Christina Thomas Dhanaraj
"The oppressor is solidary with the oppressed only when he stops regarding the oppressed as an abstract category and sees them as persons who have been unjustly dealt with, deprived of their voice, cheated in the sale of their labor -- when he stops making pious, sentimental, and individualistic gestures and risks an act of love. True solidarity is found only in the plenitude of this act of love, in its existentiality, in its praxis. To affirm that men and women are persons and as persons should be free, and yet to do nothing tangible to make this affirmation a reality, is a farce."
~ Paulo Freire, Pedagogy of the Oppressed
I have come to believe that intersection is a beautiful thing. Not necessarily from the lens of the onlooker, but from within myself, for myself. The fact that I'm Dalit, Tamizh, Christian, Woman, and everything else could only mean there are layers to the person that I am, with every layer attributing me with experiences that make me complex and unique. So as a contemporary Dalit woman living in urban India, I recognize the path my ancestors and I have travelled to reach this place in history. Like many of my peers, I grew up listening to the stories of how our grandfathers and grandmothers moved from place to place; how they found jobs before they found a career; how they found a religion that promised the dignity Hinduism denied; how they navigated social, academic, and political spaces rife with discrimination; how they married and loved and had children amidst hate;and how they survived, and sometimes thrived, in a country that refused to recognize their humanity. I grew up seeing my parents carryon this legacy of assertion, at their workplace, at the church, in the community, and in our so-called social circles. Needless to say, this was no easy feat.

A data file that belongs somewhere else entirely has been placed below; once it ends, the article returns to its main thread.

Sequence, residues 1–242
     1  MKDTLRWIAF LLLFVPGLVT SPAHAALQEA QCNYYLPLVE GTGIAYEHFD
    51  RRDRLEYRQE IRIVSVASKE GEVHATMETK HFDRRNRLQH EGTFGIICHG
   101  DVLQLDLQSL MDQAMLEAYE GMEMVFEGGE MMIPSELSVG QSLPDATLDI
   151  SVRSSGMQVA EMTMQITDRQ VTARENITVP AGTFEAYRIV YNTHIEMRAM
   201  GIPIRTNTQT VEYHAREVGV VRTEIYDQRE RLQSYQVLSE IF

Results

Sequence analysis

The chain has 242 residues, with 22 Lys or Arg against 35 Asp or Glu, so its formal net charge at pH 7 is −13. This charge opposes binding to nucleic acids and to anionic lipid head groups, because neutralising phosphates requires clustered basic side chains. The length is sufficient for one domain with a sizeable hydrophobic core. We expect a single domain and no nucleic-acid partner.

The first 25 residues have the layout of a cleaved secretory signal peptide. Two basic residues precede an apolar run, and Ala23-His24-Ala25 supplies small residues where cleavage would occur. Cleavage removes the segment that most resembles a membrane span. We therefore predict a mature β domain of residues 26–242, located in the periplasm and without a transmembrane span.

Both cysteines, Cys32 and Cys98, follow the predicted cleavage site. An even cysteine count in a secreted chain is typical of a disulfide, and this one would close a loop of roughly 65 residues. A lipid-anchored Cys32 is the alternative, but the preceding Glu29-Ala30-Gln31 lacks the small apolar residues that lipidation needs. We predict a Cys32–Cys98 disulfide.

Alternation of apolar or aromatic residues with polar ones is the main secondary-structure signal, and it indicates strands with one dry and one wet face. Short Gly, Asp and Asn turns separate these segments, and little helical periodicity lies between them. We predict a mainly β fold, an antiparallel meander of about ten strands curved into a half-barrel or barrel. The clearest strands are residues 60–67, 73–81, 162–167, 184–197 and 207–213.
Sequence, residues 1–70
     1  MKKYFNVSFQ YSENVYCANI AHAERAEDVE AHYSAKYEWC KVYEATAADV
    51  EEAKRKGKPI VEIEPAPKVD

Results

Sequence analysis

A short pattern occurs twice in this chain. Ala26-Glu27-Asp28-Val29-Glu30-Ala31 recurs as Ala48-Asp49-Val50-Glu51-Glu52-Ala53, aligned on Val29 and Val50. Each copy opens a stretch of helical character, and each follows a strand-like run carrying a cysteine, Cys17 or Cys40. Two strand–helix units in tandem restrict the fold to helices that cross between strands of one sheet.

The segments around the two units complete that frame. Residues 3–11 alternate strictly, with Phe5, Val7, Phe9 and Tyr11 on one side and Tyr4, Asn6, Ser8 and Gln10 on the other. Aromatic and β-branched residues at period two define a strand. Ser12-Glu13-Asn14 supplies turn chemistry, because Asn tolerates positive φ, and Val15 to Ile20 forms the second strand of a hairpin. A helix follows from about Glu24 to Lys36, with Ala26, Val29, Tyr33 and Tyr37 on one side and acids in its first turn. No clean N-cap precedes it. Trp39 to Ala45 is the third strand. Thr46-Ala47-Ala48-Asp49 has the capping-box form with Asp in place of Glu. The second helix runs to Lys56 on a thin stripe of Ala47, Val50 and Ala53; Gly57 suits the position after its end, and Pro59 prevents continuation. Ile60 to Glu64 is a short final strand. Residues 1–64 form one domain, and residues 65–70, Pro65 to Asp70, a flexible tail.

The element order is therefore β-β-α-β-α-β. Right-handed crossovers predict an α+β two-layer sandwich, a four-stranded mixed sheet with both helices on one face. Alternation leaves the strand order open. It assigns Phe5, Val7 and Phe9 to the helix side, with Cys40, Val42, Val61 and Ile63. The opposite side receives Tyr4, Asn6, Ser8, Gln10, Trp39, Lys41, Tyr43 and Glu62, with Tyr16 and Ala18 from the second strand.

Who am I? Why am I a Dalit woman?
I grew up in a lower middle class family in a town on the outskirts of Chennai. And unlike many of my Christian friends, I came to know which caste I belonged to much earlier in life. I was probably 5 years of age when my mother sat me down, and almost in whispers, explained what our ancestors were made to do for a living. "They disposed of the dead", she said. That those we saw dancing and playing the parai during a funeral, could in fact be our brothers. That they, and therefore we, were supposedly untouchable. I remember being very upset, refusing to believe what she told me. I may have even cried a little.